It sounds cruel to say, but traditional dancers are little more than highly trained marionettes. Even after countless hours of training, of bending their body to sheer will, it’s ultimately the directors, choreographers, and musicians who dictate their movements and shape the vision of the performance.
But Audfit, developed by Marta Romaszkan, Krystian Klimowski, and Patryk Lichota, balances the powers behind performance. It’s a musical exoskeleton–an instrument built into a costume–that by tracking nine points of a dancer’s body, produces music in harmony with movement. Interestingly enough, the stage is silent, and the audience listens in through headphones, with the option of selecting the electronic instrumentation they hear.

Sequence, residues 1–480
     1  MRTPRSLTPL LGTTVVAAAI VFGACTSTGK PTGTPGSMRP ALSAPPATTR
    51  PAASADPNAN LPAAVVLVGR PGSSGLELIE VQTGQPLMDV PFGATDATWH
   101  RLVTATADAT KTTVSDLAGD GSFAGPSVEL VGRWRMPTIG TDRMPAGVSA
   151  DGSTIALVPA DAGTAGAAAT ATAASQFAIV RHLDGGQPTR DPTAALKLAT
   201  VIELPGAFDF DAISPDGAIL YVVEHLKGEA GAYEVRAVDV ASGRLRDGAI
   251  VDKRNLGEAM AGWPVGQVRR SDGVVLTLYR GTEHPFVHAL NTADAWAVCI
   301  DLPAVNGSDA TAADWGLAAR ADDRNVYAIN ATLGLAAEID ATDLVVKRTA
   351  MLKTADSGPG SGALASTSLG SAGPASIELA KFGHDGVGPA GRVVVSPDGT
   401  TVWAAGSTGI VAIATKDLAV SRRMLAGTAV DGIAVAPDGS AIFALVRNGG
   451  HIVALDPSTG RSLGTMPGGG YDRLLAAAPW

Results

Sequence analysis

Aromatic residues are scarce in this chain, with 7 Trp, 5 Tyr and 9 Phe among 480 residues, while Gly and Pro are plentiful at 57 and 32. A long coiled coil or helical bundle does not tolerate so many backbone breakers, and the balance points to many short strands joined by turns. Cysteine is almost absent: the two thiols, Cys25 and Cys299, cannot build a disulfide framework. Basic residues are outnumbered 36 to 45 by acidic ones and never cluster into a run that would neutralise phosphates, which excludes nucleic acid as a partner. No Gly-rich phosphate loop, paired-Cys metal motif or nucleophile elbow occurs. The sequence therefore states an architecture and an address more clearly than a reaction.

Audfit is part of a larger trend we’ve been following in which the lines of movement and musicianship are blurring into something we can only really call performance. We’ve seen it with a glittering stage controlled by a microphone, a beat boxer who gestures music, a pair of sound-sculpting gloves, and a costume that allows dancers to pluck the strings of the Brooklyn bridge.
In a decade or two, will we still say that we’re going to a “concert” or a “dance recital,” or will we give up these terms for something different: creativity without the pesky labels?